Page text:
The University of Michigan has launched a new $1.2-million research project called the Great Lakes Adaptation Assessment for Cities.
Led by U-M’s Graham Environmental Sustainability Institute and supported by The Kresge Foundation with $600,000 in matching funds, the three-year project seeks to strengthen the science and decision-making necessary for more effective urban climate adaptation in the Great Lakes region, in both Canada and the United States. Researchers, staff, students and stakeholders from across the region will collaborate to make this happen.
While there is abundant research on climate change at national and global scales, there is a gap in regionally focused adaptation planning for effectively addressing this pressing issue. The Great Lakes project is helping to fill this gap by providing the place-based information needed for developing and improving policy decisions and infrastructure investments.—Arun Agrawal, professor of natural resources and environment and co-principal investigator for the project
The project will generate datasets, tools, and a network of stakeholders that will be useful for decision makers in private and government sectors, said Don Scavia, director of the Graham Institute and co-principal investigator on the project. In addition to the information amassed by participating researchers, a significant amount of data will be harnessed from the Great Lakes Integrated Sciences and Assessments Center (GLISA)—a collaboration between U-M, Michigan State University, Ohio State University, and Michigan Sea Grant, which is supported by the National Oceanic and Atmospheric Administration.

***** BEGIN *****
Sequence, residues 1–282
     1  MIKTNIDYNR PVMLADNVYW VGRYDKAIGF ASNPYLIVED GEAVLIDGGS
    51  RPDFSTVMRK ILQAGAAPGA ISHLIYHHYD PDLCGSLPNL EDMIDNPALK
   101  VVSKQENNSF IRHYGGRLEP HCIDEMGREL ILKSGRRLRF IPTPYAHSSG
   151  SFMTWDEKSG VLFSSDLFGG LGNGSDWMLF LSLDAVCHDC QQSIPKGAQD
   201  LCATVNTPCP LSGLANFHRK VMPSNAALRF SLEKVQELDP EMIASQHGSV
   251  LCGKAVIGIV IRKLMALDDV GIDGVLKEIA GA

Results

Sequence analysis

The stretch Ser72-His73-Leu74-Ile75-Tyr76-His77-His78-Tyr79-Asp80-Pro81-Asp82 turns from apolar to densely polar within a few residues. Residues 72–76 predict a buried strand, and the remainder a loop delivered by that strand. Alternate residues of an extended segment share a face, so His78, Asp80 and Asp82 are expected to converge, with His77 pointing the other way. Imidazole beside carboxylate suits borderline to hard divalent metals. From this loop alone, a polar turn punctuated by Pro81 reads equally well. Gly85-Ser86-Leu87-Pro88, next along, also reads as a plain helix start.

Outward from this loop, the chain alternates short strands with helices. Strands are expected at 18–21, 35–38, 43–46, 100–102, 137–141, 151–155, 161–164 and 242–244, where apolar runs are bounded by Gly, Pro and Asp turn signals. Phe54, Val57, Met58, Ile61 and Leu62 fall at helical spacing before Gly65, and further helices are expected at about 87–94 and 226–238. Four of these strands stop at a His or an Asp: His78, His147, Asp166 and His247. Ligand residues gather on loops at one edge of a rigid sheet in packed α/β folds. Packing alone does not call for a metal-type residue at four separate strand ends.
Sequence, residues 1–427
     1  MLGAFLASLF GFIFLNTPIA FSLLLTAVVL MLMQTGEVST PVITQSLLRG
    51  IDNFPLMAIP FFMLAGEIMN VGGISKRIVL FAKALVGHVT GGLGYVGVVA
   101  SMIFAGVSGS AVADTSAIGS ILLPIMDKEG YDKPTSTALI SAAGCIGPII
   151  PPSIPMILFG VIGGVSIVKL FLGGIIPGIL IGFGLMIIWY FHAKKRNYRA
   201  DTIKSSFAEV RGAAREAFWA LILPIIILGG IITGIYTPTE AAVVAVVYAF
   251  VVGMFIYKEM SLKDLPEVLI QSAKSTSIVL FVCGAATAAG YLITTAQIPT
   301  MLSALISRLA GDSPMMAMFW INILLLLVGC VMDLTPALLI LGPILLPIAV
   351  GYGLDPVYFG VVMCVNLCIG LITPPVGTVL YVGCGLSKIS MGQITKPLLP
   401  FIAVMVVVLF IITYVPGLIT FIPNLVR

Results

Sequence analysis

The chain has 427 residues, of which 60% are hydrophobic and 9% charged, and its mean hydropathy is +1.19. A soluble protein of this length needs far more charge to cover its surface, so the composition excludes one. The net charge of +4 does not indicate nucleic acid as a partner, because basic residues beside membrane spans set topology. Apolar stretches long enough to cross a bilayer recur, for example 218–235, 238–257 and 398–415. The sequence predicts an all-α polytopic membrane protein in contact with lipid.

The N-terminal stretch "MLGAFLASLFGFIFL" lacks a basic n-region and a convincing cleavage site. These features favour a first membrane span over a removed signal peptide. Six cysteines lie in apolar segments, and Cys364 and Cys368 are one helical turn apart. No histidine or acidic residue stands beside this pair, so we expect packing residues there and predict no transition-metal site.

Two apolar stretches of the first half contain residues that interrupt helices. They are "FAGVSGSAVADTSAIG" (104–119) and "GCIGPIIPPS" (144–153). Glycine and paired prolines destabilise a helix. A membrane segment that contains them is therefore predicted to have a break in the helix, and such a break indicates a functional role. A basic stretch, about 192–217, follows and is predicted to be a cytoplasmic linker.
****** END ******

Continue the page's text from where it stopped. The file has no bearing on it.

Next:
As part of the project, researchers will work closely with urban leaders in five Great Lakes cities to build a network of decision-makers and scientists invested in the sustainability of Great Lakes cities. One of the first cities confirmed to participate in the program is Grand Rapids, whose mayor, George Heartwell, attended an initial project-scoping meeting at U-M in October 2010.
Other U-M faculty involved with the project include: Elisabeth Gerber, School of Public Policy; Larissa Larsen, Taubman College of Architecture and Urban Planning; Maria Lemos, School of Natural Resources and Environment; Marie O’Neill, School of Public Health; and Ricky Rood, Atmospheric, Oceanic and Space Sciences. SNRE postdoctoral fellow Ahmad Safi is also working on the project.